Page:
The heavy, balls-to-the-wall riffing of ‘Do You Feel In Control?’ was a lot of fun. So too was the call and response nature of the verse, the gang vocals answering Johannes’ lines in an awesome contrast. Johannes himself puts out one of his best vocal performances to date on this track too, using his full rang impressively well. The chaotic outro is also awesome and reflects the band perfectly. From more awesome lead guitar work to lightening fast drumming and the vocals kicking it off perfectly, it’s an amazing album.

‘Gotta Wanna Riot’ caught me off guard as Avatar hadn’t gotten weird (for them) on this album yet. I loved it. From the wacky, almost cartoon-like vocal harmony to open it up to the general line delivery, Johannes’ inner showman comes out fully here, and it’s honestly when I enjoy him the most. The riff is also fantastic, reminding me of a glam or even NWOCR style than anything metal. It’s possibly the best chorus on the album too, and up there with one of their best overall. If there is any track that you should check out that fully showcases what Avatar are about, it’s this one. Playlisted!

Single ‘The Dirt I’m Buried In’ is finally a slower track, a chance to breath quick. It almost has an indie vibe to it, being stripped back and simple. Actually, the closest band that springs to mind surprisingly is Red Hot Chili Peppers. Even when it gets a bit heavier for the choruses, the vocal melodies and harmonies still scream RHCP to me. It’s the closest thing we have to a ballad on the album and it’s massively enjoyable. It’s the perfect change of pace, and makes our playlist!

‘Hazmat Suit’ opens on the catchy chorus before an almost punky pace takes over for the verse. The pace of the drums keeps up through the chorus and rest of the track too, making it sound like Avatar infused with Motörhead. It was another fun track and one I’ll be listening to a lot going forward.

‘Train’ brings back the weird vibes, hitting us with less than three seconds of djent before immediately dropping down to slow jazz. This band can do whatever the fuck they like and I’m here for it. Give me all the weird, Avatar! The jazzy verses are awesome, especially with Johannes’s low, theatrical vocals. Then the chorus (I guess?) kicks in and it’s straight death metal. I love it. The contrast between the two parts is excellent, especially since they are practically smash-cut together. This was an awesome, short little chaotic song, and was a lot of fun.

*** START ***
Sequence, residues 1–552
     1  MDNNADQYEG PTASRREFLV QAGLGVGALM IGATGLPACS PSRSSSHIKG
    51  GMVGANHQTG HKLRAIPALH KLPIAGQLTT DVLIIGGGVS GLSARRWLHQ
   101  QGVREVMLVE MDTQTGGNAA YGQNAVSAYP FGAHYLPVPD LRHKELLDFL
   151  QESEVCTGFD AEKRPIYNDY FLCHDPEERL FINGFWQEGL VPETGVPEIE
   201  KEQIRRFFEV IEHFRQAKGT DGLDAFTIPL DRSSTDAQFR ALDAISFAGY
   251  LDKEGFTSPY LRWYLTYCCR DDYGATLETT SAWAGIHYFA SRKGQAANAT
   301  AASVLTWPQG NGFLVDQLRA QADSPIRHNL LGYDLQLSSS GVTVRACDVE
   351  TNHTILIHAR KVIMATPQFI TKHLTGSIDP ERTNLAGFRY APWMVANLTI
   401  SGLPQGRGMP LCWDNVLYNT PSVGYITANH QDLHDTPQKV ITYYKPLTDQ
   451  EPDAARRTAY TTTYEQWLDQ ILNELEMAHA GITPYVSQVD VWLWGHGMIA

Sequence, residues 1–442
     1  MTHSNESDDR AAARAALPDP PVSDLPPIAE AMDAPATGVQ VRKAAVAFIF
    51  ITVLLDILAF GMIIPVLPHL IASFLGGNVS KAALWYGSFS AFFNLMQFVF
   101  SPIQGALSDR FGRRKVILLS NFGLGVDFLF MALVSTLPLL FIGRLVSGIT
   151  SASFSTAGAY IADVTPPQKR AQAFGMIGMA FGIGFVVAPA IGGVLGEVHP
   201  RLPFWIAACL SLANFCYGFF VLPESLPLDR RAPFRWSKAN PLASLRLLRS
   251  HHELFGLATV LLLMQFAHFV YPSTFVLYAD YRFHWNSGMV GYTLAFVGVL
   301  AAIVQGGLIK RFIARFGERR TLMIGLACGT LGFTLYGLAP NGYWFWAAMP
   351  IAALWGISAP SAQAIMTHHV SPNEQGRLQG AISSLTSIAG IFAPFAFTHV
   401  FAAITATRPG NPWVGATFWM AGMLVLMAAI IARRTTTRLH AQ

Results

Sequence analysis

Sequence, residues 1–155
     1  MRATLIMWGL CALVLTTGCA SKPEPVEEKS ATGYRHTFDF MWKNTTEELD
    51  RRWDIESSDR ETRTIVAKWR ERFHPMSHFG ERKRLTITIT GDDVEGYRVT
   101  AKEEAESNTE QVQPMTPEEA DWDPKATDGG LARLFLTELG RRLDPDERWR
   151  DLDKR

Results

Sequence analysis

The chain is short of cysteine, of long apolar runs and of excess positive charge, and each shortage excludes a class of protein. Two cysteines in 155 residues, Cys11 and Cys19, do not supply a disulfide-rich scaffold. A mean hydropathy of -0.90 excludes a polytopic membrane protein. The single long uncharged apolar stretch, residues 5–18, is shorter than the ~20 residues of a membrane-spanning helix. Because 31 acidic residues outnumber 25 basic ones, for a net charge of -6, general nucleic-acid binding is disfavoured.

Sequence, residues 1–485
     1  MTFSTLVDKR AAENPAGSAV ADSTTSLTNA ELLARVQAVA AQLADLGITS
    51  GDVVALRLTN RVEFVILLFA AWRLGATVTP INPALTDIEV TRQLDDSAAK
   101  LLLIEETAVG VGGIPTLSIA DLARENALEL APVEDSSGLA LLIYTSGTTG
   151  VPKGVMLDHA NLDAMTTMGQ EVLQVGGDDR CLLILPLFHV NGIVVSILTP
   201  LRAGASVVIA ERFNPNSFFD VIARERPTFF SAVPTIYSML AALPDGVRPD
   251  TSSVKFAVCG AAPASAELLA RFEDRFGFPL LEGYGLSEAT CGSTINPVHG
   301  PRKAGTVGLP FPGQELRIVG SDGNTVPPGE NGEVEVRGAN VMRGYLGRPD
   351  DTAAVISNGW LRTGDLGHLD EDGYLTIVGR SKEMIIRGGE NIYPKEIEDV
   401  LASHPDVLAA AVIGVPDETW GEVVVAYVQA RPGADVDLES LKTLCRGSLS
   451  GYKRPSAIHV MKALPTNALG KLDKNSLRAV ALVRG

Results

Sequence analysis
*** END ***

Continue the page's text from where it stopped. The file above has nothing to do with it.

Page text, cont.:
Halestorm’s Lzzy Hale kinda steals the show on album closer, ‘Liolence No Matter What’. Don’t get me wrong, it’s a duet with Johannes and both play their parts perfectly. But hearing Lzzy mirror Johannes, be it high notes or screams, was something special. It’s the heaviest I’ve ever heard Lzzy go and I have to hear her scream more on Halestorm’s next album! The instrumentation is pretty simple for the most part, clearly putting focus on vocals front and center. However, there’s a pretty fun, odd guitar solo in the middle, and the main riff is decent enough! It’s an odd choice to close out the album with, but is a good song in its own right!

Overall: I enjoyed this album. I think much like their last two, it will take a few more listens to really appreciate it and it’ll definitely be a grower. There are some truly stand-out, amazing tracks on here, even if it did feel like a bit of a slow starter. I’ll be listening to it a lot over the coming months and it’ll probably go up by the end of the year, but for now I’m giving it…

The Score: 8.5/10